“When she saw the bracelet she cried out, ‘Now I know you’ve really forgiven me,'” I said shaking my head. “She flew at me, knocked over napkins, banged into chairs to hug me.” My head continued to shake from side-to-side, “The bracelet doesn’t mean what she thinks.”
“I still don’t know why you gave it to her,” Jenna replied.
“It was her birthday,” I shrugged. “She wanted real jewelry. It was on clearance, less than I’d budgeted, I knew she’d love it, so I got it for her.”
“But why would you give Caroline such a great present after she abandoned you?” Jenna demanded. “I just don’t get it.”
“I wasn’t thinking of that,” I shrugged. “The bracelet was so wonderful and I was so happy that’s she’d love it,”
“She didn’t deserve it,” Jenna pouted.
“Maybe not. But can you imagine looking for a gift based on what someone deserves?” I shuddered.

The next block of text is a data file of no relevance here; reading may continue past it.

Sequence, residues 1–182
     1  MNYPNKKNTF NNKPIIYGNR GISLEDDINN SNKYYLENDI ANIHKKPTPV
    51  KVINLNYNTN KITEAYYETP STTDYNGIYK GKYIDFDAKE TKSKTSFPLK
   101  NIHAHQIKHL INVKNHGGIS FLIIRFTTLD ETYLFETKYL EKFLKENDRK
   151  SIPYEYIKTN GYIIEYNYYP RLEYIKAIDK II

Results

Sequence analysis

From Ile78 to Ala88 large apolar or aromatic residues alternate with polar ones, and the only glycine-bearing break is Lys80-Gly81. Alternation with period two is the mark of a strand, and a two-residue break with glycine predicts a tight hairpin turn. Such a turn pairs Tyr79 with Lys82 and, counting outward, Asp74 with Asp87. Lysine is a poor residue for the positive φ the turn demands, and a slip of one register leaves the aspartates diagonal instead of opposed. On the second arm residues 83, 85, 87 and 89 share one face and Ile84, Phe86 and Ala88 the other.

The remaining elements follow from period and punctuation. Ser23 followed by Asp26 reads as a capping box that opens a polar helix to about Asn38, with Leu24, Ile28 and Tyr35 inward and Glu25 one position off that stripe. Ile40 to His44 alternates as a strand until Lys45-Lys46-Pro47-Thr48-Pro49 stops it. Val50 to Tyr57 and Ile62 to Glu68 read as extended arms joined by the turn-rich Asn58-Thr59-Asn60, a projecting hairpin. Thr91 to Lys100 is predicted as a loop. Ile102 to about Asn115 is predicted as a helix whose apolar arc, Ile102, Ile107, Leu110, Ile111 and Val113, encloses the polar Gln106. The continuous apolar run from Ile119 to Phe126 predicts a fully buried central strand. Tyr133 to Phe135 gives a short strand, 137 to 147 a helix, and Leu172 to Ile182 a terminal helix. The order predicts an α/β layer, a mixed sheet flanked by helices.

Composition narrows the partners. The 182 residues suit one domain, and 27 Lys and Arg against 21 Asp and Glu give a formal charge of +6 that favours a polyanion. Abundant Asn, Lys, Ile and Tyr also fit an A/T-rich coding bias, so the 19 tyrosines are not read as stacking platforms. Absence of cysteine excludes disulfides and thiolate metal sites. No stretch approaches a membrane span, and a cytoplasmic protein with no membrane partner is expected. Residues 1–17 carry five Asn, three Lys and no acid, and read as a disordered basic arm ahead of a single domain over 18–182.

“Yes,” Jenna said.
“What a lot of wasted energy,” I said. “I’d rather not give any gift.”
“Why go to her party?”
“Her sister invited me; the girls wanted me there,” I raised one shoulder in a shrug. “I thought it would be okay since there were other people.” I shook my head again, “I just wish she understood.”
“That you don’t trust her?”
“Yeah. NO. I do trust her.She’ll do the same thing again.”
“Of course she will,” Jenna said.
“She hasn’t changed. It’s all about her. She feels safe around me now she knows I don’t have cancer. She doesn’t even imagine how I feel.”
“So you shouldn’t have given her the bracelet.”
“I couldn’t go without giving her a gift. Why would I give her something she didn’t want? That would be no gift at all.”
“Why go to the party?” Jenna asked.
“I can’t just abandon Farrah and Adhita.”
“I guess not,” Jenna mused. She shuddered, “But you’ll be around Caroline.”
“Maybe I’ll learn to forgive her,” I said.
“She doesn’t deserve it,” Jenna replied.
One corner of my mouth lifted in a half smile, “Probably not. Who does?”